7 Glacial-Fed Lakes for Your B.C. Bucket List
Crystalline waters and breathtaking views—what are you waiting for?
We don’t mean to alarm you, but the summer is over. Done. Well, fret not dear readers, because we still have a few outdoor wonders for you to visit this fall. Autumn is the best time to #exploreBC because the crowds have thinned out, the leaves are changing colour, and the snow-capped mountains provide the perfect backdrop to these stunning glacial-fed features.
Here are just a few of the most incredible glacial-fed lakes in British Columbia.
1. Atlin Lake
This is about as remote as it gets—and that’s probably for the best, since you won’t want to share it with anyone. Atlin, a small town in northwestern B.C., is close to the Yukon and Alaska borders. Atlin Lake, which is 6.5 kilometres wide and 136 kilometres long, is on the west side of town and bordered by mountains.
2. Chilko Lake
Chilko Lake, in Ts’il?os Provincial Park, is in a remote area of B.C.’s Chilcotin region. The lake is bordered by the rugged Coast Mountains to the west and the dry Interior Plateau to the east—an incredible contrast of frozen peaks and massive glaciers against alpine meadows and arid landscapes.
3. Emerald Lake
Named after its otherworldly green waters, Emerald Lake is plum in the middle of the Canadian Rockies, and the scenery is breathtaking. From canoeing, to lunch on the lake, to a visit to the Natural Bridge over Kicking Horse River, this is a must-visit. The Natural Bridge parking lot closes after October 11, but the road to Emerald Lake remains open through winter. This is a great time to see the lake surrounded by snow-covered peaks.
4. Comox Lake
Just west of Courtenay on Vancouver Island, Comox Lake is a sight to behold. If you still have energy after a day of hiking in Strathcona Provincial Park or mountain biking in Cumberland, be sure to schedule a paddleboard glide on Comox Lake.
5. Frozen Lake
Located in Elk Lakes Provincial Park and at the border of B.C. and Alberta, Frozen Lake is only 2.5 hours north of Fernie. Note, this is a remote and wireless part of the province, so be sure to pack all that you need, especially in case of emergency. The best route to get to the lake starts at Elk Lakes trailhead: follow it down to West Elk Pass and continue west toward Fox Lake.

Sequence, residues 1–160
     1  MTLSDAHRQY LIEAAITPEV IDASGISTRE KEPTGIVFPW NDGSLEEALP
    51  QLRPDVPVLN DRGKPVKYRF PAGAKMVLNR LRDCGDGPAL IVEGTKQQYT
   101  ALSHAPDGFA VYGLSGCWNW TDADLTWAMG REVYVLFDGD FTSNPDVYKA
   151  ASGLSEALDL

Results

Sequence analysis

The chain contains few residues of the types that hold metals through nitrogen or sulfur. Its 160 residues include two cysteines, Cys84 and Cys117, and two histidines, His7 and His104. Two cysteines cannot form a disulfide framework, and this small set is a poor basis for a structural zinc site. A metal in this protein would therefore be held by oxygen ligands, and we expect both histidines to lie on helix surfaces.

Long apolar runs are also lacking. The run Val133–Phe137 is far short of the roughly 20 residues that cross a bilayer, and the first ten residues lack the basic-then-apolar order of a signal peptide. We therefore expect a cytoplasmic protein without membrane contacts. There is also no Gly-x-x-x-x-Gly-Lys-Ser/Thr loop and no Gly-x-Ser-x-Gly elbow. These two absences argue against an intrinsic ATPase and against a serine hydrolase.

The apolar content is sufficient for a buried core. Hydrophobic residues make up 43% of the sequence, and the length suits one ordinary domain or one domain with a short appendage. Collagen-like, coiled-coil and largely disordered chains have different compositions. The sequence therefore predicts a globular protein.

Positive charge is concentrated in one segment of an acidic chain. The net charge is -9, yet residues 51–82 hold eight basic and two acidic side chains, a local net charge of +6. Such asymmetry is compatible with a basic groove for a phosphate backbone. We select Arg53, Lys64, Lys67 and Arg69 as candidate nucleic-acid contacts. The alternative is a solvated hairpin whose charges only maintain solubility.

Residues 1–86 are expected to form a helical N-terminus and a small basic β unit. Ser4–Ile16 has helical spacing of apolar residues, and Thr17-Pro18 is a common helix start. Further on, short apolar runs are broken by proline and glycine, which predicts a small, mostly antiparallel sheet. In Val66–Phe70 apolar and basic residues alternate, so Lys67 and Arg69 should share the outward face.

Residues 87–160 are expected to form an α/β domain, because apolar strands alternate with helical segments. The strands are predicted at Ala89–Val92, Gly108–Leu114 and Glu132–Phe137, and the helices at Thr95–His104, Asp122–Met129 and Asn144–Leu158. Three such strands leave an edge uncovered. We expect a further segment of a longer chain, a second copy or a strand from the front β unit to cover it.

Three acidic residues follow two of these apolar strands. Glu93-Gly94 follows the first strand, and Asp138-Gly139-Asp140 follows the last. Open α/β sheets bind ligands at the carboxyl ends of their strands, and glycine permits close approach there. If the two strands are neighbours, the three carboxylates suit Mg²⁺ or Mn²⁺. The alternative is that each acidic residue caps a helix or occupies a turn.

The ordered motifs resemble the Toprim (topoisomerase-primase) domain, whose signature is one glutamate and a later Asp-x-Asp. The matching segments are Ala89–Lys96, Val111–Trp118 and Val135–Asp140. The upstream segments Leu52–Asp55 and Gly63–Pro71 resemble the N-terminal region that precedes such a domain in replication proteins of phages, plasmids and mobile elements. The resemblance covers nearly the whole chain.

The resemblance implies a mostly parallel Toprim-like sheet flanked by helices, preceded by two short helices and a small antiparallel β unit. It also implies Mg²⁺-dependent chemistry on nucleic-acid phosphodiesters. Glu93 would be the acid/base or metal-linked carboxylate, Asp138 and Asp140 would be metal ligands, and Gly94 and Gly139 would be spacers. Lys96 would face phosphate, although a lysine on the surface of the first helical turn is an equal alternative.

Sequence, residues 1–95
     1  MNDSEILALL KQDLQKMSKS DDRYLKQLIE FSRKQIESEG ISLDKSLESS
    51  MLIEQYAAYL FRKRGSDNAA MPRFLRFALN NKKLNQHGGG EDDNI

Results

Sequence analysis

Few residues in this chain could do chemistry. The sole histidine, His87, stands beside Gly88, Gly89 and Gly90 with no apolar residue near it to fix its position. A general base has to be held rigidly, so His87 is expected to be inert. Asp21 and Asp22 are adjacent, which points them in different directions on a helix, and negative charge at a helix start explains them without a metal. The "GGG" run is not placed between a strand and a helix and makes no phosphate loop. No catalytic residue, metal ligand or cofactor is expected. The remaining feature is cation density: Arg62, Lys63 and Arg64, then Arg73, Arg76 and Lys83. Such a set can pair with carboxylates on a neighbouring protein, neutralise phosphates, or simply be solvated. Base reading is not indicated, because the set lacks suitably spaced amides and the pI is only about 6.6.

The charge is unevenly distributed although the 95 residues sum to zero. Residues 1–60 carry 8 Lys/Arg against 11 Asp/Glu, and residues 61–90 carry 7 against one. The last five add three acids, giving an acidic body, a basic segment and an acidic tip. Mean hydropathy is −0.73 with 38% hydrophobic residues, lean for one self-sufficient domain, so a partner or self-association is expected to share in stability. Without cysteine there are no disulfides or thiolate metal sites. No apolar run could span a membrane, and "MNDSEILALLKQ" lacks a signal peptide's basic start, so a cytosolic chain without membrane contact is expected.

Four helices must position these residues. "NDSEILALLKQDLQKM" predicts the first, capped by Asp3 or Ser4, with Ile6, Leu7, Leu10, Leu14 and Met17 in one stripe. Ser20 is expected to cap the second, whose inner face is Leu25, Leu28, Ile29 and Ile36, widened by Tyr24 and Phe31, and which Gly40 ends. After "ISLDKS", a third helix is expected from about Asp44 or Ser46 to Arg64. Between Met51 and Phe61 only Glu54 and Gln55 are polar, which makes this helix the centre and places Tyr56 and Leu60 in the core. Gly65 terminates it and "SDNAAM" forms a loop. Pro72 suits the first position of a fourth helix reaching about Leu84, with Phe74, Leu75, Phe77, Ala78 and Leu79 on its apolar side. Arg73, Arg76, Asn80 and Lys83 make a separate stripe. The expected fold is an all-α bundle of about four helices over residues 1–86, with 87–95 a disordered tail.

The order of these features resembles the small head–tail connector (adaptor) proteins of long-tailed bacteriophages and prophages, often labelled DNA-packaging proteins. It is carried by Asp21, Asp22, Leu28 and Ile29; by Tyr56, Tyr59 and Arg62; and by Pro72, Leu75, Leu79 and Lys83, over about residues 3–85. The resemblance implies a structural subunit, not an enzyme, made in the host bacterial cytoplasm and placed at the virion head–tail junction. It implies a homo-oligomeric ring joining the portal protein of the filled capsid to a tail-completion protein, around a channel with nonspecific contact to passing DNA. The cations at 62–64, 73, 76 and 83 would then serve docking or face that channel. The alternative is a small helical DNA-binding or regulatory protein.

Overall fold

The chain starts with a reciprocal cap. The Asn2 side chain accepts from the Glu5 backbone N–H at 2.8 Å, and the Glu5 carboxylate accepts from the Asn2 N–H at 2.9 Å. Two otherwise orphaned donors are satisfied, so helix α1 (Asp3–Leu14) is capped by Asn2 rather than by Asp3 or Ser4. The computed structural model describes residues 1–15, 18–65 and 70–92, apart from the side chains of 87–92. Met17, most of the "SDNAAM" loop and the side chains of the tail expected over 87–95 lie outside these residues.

6. Harrison Lake
Less than three hours away from Vancouver, Harrison Lake is a beautiful 60-kilometre lake that spans the village of Harrison Hot Springs to the north. Enjoy a beautiful boat tour of Eco Island and view the First Nations pictographs by booking with Harrison Eco Tours through October.
7. Berg Lake
Located at the border of Alberta and snug inside Mt. Robson Provincial Park, Berg Lake is a must-see on your list. And for hiking enthusiasts, Berg Lake Trail is a 23-kilometre backcountry trail that will get you the best views of Mount Robson. What’s even cooler is this single trail will take you through three different vegetation and weather zones (called bioclimatic zones), and the trail takes you to the highest peak in the Canadian Rockies. For the ultimate alfresco experience, pitch a tent at the Berg Lake campground. You can book a spot for the 2017 season starting October 1, 2016.
With B.C.’s crystal waters just hours away, what are you waiting for? Get out there and #explorebc.